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05 Dec 2022

3 ways to use data to identify changing employee benefits needs

Do you know the data and reporting capabilities of your rewards and benefits solutions?

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Different HR solutions have varying reporting functions. Data can be used to improve employee experiences, help decision making, optimise general processes and improve talent retention.

Anonymous population reporting removes personally identifiable information while retaining an element of core information to be used without fear of invading anyone’s privacy (ie your employees’).

When investing in a wellbeing or benefits provider, ensure all ethical considerations have been addressed and the end users are protected and respected.

Safety and privacy are key concerns within the industry when using digital health, digital mental health or wellbeing solutions, given the recent surge of ransomware attacks.

Where to start to understand needs

It’s important to look at what is going on in the world at the moment and how it affects the workforce.

Employers and HR departments should start with the wider community to understand external pressures and trends affecting employees and their overall wellbeing needs.

Events like the cost-of-living crisis, the UK mental health recession and talent shortage have significant repercussions on employee needs in the workforce, and the baseline expectation from the employer has changed.

How do we keep employees satisfied and meet wellbeing needs?

External research can help direct employers/HR to any trends or factors to be considered when developing a wellbeing solution strategy. It is important to get insight on employees’ actual needs and not what HR or employers perceive based on their own research.

It’s astounding that 57% of employers offer the exact same benefits to all of their staff, with 18% of employers using seniority as guidance of what benefits are offered.

So, how can we determine employee wellbeing needs?

1) Risk profiling and demographics

In a benefits survey, 78% of employers said it would be valuable to have a better understanding of the risk profile of the health and wellbeing of their workforce. Risk profiling can be done from within your benefits solutions or externally. Anonymous feedback could be retained from questionnaires or surveys and distributed to the workforce annually. An employer/HR dept could integrate risk profiling into hiring procedures if the purpose of data collection was communicated to potential candidates.

Demographics can offer an insight into an organisation’s ‘employee footprint’. Collecting demographic data such as age or gender can help an employer or HR department realise the level of investment required.

For example, a large proportion of women over 40 would mean an increased need for menopause and menopause support policies. Investment in these types of services is high until no longer required – ensuring employees are properly supported in a time of great physiological and mental change.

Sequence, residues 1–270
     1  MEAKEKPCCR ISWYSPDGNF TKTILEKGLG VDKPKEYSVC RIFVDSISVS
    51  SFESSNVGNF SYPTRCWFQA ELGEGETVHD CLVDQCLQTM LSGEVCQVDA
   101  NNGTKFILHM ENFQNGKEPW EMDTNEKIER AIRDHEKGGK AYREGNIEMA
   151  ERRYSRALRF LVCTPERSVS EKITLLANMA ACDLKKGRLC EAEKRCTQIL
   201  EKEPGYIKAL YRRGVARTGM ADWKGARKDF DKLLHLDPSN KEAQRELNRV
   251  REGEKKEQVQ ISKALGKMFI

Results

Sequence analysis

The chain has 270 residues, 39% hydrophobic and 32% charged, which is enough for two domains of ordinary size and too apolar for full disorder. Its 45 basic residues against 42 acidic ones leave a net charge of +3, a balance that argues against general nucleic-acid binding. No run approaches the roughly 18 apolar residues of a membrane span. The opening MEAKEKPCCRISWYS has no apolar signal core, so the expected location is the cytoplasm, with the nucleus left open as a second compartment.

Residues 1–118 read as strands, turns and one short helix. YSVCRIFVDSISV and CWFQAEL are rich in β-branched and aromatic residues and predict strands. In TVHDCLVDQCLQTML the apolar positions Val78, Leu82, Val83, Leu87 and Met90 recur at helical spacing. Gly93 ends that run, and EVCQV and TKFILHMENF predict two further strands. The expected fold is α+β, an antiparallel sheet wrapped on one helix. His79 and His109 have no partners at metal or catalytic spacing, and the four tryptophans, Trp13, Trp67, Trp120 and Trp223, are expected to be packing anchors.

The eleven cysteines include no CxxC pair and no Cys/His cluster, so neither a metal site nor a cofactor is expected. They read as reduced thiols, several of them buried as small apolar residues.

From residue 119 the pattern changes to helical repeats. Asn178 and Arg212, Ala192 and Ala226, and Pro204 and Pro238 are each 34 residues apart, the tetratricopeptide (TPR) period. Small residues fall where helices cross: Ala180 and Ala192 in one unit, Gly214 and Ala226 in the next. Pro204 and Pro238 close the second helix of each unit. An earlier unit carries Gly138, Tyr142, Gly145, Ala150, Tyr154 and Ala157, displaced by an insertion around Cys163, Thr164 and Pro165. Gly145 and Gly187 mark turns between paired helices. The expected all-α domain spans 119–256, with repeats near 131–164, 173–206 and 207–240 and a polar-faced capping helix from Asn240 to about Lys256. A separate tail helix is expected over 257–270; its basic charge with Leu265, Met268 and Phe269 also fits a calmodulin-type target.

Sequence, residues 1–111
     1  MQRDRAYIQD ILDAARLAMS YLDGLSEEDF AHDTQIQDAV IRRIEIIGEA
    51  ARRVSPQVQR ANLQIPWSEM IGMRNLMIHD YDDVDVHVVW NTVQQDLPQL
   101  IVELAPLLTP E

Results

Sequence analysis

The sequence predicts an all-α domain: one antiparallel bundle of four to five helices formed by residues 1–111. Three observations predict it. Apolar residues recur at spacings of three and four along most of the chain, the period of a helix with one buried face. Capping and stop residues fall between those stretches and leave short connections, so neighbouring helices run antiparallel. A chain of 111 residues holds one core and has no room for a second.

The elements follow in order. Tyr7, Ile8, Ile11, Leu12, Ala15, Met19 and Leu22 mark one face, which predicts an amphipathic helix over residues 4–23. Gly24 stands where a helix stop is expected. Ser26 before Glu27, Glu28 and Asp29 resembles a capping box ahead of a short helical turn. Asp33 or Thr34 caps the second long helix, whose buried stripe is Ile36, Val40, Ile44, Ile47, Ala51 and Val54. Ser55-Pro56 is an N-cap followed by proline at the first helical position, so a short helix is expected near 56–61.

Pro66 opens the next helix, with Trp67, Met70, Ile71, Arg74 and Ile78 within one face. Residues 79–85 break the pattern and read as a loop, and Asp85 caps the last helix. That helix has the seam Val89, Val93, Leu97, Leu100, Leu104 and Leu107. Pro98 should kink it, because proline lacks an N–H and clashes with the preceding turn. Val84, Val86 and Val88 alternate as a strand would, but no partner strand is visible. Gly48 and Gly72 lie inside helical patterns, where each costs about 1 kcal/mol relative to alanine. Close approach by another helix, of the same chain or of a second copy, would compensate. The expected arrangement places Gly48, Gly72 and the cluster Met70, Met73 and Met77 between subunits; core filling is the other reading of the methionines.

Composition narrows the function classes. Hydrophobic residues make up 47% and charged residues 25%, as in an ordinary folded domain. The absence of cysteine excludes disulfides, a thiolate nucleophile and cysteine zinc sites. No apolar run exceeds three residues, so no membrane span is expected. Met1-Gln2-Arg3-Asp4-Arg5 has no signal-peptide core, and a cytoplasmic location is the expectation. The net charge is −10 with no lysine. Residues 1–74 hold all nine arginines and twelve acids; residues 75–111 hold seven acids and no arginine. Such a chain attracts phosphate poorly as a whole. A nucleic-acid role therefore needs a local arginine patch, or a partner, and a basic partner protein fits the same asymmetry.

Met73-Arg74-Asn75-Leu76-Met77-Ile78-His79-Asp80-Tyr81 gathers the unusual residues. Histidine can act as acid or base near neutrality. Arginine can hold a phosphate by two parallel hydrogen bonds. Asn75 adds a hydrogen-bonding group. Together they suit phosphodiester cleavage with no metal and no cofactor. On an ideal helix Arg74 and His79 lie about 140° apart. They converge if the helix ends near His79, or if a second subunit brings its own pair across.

Risk profiling takes into consideration other demographic factors. For example, employees over 45 with a sibling with type 2 diabetes; employees who don’t exercise more than three times a week or employees that gave birth to a baby that weighed more than 9lbs can be at a higher risk of developing diabetes.

Diabetes wellness resources and solutions (eg nutritional advice, access to recipes, screening services and digital gyms) can be offered for education, prevention and protection of wellbeing. Risk profiling enables an element of proactive care. However, for small workforces anonymity may be difficult to maintain.

2. Use trends/population reporting

General use trends and analytics will help employers see which services are most required or common pain points for employees that need to be addressed. Eg, if childcare support benefits are not being used, but calls for financial advice are increased, investment into childcare support could be reduced while financial wellbeing benefits are enhanced.

Looking at use enables better resource management, negating duplication of solutions or over-investing in undesired benefits.

3. Widespread feedback/culture implementation

Reporting functions are limited from general employee wellbeing solutions, as data is personal, sensitive and aims to protect privacy. Given the pressures faced by many employers, HR, managers and employees, wellbeing solutions should take a holistic approach to meet all needs for wherever an employee is on the health spectrum.

It is beneficial to have data insights and act upon them, but it is also crucial to listen to employee feedback and create an open, safe business culture where staff feel valued and aren’t afraid to speak up or ask for what they need.

Before making any decisions over the allocation of wellbeing resources, be careful not to negate an individual’s needs based on averages.

In partnership with Spectrum Life

We're the largest provider of employer health&wellness services in Ireland, now available across UK.

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